After 19 months of commercial wind power operating experience in Ontario, there is some good news. Our wind farms produce almost up to target levels. The companies delivering wind power are mostly established energy firms. All are installing state of the art technology. Wind-farm operators in Ontario are subject to stricter technical controls than in Germany where, last November, wind power contributed to a continental grid blackout.
For all its strengths, we now have enough information to conclude that wind power in Ontario is a disaster for consumers.
Ontario’s large wind farms completing one year of service generated on average 29% of what they could have under ideal conditions. The world’s best perform 50% better.
Moreover, the little output our wind turbines do generate comes in wild swings from high production to dead calm. Compared to all available generation technologies, wind power is uniquely intermittent. Over one-hour intervals, production changes for individual wind farms are as great as 73%, and 39% for the overall fleet. Over five-minute intervals, changes of 13% for individual farms have been measured.
Intermittency creates a major challenge for grid reliability, which requires instantaneous balancing of overall power generation to exactly match consumption. Combining nuclear generators, which have almost no ability to increase or decrease output, with intermittent wind power is particularly problematic. Balancing nuclear and wind power while keeping the lights on requires other, typically costly, generators to quickly ramp up, down or stand by. With one of the most nuclear-dependent grids in the world, Ontario is poorly suited to host wind power.
Predicting wind output changes has proven difficult, but one pattern is clear:Winds tend to be calm when consumers need electricity most. Ontarians use the most electricity in summer – the weakest season for wind. In July and August of 2006 and 2007, Ontario was frequently becalmed and average monthly output fell within the lowly 13% to 19% range. Although winter is the strongest season, on the coldest days, when we use most power, wind output tends to be poorest. Over the typical day, wind output peaks around midnight and bottoms out around 8 a.m., contrary to our daily consumption pattern.
Diversifying the geographic location of wind farms has provided little output stability because, even when widely dispersed, output from individual farms tends to rise and fall in sync. Although limited data is available, the production pattern of New York’s largest wind farm appears to closely match the hourly output of Ontario’s overall wind production. New York’s farm even matches fairly closely the output of a similar farm at Sault St. Marie, 840 kilometres away.
Connecting wind power to the grid is also costly. The first of many high-voltage transmission investments mainly directed at wind is currently pegged at $635-million. Connecting large wind generators to low-voltage distribution networks will require costly re-engineering. Whether high voltage or low, grid connections must be vastly oversized relative to average wind output to support infrequent bursts of full production.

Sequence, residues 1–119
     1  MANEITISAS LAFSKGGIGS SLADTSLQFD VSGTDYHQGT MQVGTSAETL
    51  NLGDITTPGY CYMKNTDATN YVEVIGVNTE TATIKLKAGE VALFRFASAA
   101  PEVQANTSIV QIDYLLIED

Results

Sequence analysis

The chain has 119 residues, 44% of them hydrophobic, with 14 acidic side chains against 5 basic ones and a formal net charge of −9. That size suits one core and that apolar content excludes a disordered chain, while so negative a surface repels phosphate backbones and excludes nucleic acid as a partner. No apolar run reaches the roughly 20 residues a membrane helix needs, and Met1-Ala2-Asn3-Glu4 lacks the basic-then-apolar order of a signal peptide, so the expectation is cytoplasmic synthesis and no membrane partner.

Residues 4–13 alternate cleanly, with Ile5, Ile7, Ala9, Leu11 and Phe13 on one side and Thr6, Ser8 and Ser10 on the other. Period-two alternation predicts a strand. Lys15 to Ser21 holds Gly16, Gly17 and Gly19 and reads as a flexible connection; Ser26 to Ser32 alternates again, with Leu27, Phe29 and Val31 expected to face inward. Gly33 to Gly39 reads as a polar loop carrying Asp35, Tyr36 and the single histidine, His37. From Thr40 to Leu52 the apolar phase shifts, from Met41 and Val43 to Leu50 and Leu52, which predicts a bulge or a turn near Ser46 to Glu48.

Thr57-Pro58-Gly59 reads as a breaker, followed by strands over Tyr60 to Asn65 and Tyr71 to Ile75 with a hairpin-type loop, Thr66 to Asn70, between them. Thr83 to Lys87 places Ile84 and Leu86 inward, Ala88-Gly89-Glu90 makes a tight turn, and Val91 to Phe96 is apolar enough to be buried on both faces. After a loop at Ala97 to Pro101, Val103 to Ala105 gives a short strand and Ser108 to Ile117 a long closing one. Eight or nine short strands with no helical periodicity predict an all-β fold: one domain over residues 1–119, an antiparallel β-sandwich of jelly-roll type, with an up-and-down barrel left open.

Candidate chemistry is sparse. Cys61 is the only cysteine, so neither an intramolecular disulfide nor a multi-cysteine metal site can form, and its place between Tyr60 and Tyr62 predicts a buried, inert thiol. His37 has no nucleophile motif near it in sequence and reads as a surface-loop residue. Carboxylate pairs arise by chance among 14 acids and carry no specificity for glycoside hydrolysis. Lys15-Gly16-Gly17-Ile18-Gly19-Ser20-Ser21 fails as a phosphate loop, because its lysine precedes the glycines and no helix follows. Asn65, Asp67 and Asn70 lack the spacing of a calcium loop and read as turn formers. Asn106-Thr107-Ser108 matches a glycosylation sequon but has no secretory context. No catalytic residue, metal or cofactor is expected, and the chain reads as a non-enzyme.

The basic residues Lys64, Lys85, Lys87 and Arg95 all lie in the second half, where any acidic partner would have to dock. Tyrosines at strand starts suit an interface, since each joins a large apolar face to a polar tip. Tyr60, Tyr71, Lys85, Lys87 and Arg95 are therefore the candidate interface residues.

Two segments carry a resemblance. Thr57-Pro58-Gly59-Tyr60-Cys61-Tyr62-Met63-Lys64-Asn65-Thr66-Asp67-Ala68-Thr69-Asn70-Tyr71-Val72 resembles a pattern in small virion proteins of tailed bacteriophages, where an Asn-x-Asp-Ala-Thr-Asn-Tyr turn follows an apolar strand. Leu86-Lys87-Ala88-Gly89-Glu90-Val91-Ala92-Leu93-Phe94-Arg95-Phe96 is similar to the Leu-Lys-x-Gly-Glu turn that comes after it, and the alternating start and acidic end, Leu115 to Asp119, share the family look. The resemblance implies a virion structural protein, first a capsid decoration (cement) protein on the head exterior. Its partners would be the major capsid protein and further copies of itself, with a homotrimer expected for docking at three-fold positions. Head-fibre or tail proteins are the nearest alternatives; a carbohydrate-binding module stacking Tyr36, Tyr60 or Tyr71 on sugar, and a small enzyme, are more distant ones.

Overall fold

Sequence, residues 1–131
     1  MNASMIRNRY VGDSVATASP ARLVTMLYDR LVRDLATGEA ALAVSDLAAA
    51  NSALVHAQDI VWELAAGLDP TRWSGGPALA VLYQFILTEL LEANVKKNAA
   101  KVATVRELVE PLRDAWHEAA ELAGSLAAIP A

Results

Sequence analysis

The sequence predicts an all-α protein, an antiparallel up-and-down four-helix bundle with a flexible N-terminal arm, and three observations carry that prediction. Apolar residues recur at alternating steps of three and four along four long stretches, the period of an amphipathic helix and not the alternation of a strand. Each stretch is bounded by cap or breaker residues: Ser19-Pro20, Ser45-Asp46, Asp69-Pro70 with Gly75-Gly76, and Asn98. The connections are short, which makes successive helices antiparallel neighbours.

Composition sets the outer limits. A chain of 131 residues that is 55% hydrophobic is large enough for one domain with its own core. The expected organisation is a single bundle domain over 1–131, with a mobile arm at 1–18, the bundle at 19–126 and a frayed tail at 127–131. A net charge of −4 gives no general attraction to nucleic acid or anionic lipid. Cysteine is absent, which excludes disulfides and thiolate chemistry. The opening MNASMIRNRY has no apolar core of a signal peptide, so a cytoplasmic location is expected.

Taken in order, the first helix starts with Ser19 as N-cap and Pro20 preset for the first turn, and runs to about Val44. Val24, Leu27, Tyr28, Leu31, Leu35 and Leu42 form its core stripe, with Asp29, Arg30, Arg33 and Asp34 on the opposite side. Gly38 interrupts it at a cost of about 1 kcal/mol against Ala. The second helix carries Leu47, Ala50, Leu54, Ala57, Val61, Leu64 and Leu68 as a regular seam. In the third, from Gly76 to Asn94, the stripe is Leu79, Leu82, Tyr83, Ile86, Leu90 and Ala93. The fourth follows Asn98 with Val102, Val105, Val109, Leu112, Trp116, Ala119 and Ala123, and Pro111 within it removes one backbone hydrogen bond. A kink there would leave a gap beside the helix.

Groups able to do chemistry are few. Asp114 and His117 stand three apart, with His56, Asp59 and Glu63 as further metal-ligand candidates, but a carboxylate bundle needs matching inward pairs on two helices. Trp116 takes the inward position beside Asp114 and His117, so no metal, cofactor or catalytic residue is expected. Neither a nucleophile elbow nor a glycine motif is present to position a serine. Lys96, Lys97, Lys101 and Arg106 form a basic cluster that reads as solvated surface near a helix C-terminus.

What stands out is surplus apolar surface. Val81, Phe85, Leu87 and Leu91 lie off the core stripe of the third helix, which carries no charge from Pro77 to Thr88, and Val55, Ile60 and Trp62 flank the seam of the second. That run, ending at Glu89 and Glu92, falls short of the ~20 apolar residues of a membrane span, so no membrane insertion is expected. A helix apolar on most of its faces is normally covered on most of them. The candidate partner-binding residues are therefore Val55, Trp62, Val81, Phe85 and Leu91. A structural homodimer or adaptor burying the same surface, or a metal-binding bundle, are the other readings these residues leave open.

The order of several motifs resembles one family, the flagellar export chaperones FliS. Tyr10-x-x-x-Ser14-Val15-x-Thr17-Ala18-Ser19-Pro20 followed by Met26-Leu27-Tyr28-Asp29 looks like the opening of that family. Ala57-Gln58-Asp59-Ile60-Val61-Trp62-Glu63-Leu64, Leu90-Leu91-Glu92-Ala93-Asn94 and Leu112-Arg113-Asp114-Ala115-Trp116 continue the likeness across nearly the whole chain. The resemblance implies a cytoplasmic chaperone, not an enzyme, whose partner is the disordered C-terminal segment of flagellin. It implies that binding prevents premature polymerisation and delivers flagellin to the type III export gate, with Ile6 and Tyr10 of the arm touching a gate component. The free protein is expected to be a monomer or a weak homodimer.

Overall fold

The McGuinty government is currently buying wind power for 11¢ per kilowatt hour – about double the current price homeowners pay for reliable, available-on-demand power. A little competition would mitigate this. Before the wind industry convinced the McGuinty government to adopt sole-sourcing for wind power as it was done for nuclear and some gas generators, competitive auctions in 2004 to supply wind power revealed a price of 8¢ per kilowatt hour and 8.6¢ in 2005.
Modern smog-free coal generators, like those operating now in Alberta, the United States, Europe and Japan, are the reliable, secure and affordable alternative. If real market competition existed, only a heavy carbon tax would prevent coal from blowing wind power away.
Wind power’s lack of overall value has not prevented our politicians from embracing it. Mr. McGuinty’s group has decreed that, by the end of 2010, wind capacity will triple and then almost triple again by 2025. By 2027, the government says wind will supply 12% of the province’s power generation. McGuinty’s rivals all complain that this is just not enough.
But getting 12% of our power from a costly, unreliable and so far unpredictable source is trouble consumers don’t need. If we bet heavily on wind, will the rest of our power system keep the lights on during the summer doldrums?
Possible solutions to overcome wind power’s deficiencies range from conceivable to sci-fi: finding much windier places near the existing grid, developing cheap short-term storage options to buffer wind output, centralized instantaneous controls for consumer power usage, perhaps tethering airborne wind turbines to capture high-altitude winds, or even tapping artificial and controlled tornadoes.
Without radical technological advances, wind power will only burden Ontario consumers.
By Tom Adams And Francois Cadieux
Tom Adams is an independent energy advisor and Francois Cadieux is an engineering science student at the University of Toronto.
20 November 2007
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